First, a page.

Through selected documents, newspapers articles and photos dating back to the early nineteenth century, the book shares the experiences of Indian migrants and their descendants, opening the eyes of the reader to the complicated racist past that so many Indian people have had to endure.
About Indian Settlers
Jacqueline Leckie is the author of ‘Indian Settlers: The Story of New Zealand South Asian Community,’ a book commissioned by the New Zealand Indian Central Association (NZICA) and released in Parliament on November 13, 2007. NZICA Immediate Past President Bhikhu Bhana presented a copy of the Book to India’s Prime Minister Narendra Modi in Delhi on Thursday, October 27, 2016, when we accompanied the then Prime Minister John Key.
‘Indian Settlers’ provided some answers. As its publicist said, “The first gold discovered in Otago, which led to the rushes of the 1860s, was found by Edward Peters, an Anglo-Indian firm from Goa. The permanent Indian community can trace its origins to the arrival of two Sikh brothers in about 1890.”
Most subsequent settlers were from the Punjab or from Gujarat and some from Sind. Until 1945, most of the settlers were male, some intermarrying with local women, Maori and Pakeha. The first Indian business, Abraham Singh & Co, was established in Wanganui in the late 1890s but since then, settlers have applied themselves to full range of jobs and enterprises, from scrub cutting to running fruit shops to dairy farming and professional work.
Ms Locke said that ‘Invisible’ follows from her historical research and friendships with Indian people in Aotearoa dating back to the mid-1970s.
“The book is also my response to the outrage I have long held about our history of discrimination towards Asians, specifically Indians. I wrote a PhD thesis on the history of Gujaratis in Aotearoa and have published several articles on the Indian diaspora here, notably ‘Indian Settlers: The Story of a New Zealand South Asian Community’ (Otago University Press, 2007). A few years ago, at the book launch of India and the Antipodes (an excellent collection edited by Sekhar Bandyopadhyay and Jane Buckingham), I met Manisha Morar, General Secretary of the New Zealand Indian Central Association. The association had been sitting on a report compiled by Nigel Murphy that summarised some of the prejudice that Kiwi-Indians had been subjected to. Manisha asked me to develop and expand that report. Then came the horror, grief and anger of the 15 March 2019 Christchurch massacre. After talking with two Indian women who grew up in Christchurch, I knew the nation’s untold story of exclusion and discrimination against not only Muslims but also Indians needed to be told,” she said.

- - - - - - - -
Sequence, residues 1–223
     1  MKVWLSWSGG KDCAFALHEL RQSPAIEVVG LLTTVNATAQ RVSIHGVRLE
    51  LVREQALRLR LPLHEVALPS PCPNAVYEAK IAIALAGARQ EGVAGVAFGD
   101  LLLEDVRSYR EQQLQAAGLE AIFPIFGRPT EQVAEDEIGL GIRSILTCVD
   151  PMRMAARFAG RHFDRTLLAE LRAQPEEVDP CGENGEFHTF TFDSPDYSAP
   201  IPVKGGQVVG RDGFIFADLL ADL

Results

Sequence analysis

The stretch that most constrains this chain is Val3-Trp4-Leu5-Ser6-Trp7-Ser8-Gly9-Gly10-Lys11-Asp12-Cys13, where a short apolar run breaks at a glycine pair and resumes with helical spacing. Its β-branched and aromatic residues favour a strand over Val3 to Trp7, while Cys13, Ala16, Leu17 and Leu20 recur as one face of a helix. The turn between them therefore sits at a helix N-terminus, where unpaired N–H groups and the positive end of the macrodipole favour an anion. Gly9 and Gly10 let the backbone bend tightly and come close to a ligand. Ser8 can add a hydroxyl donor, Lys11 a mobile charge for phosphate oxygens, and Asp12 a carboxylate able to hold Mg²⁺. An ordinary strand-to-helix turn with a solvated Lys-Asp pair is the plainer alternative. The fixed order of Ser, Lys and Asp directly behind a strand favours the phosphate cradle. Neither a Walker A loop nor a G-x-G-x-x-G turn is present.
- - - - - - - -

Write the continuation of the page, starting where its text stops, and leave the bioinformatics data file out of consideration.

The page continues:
About Jacqueline Leckie
Jacqueline Leckie is a Researcher and Writer based in Dunedin. Her other books include ‘To Labour with the State’ (1997), ‘Colonizing Madness: Asylum and Community in Fiji’ (2020), and ‘A University for the Pacific: 50 Years of USP’ (2018).
She is an Adjunct Research Fellow with the Stout Centre for New Zealand Studies at Victoria University of Wellington, and Conjoint Associate Professor in the School of Humanities and Social Sciences at the University of Newcastle in Australia. She is a Fellow of the New Zealand India Research Institute, and an affiliated Researcher with the Centre for Global Migrations at the University of Otago. Her research has concerned the Indian diaspora, development, gender, ethnicity, mental health and work within the Asia–Pacific.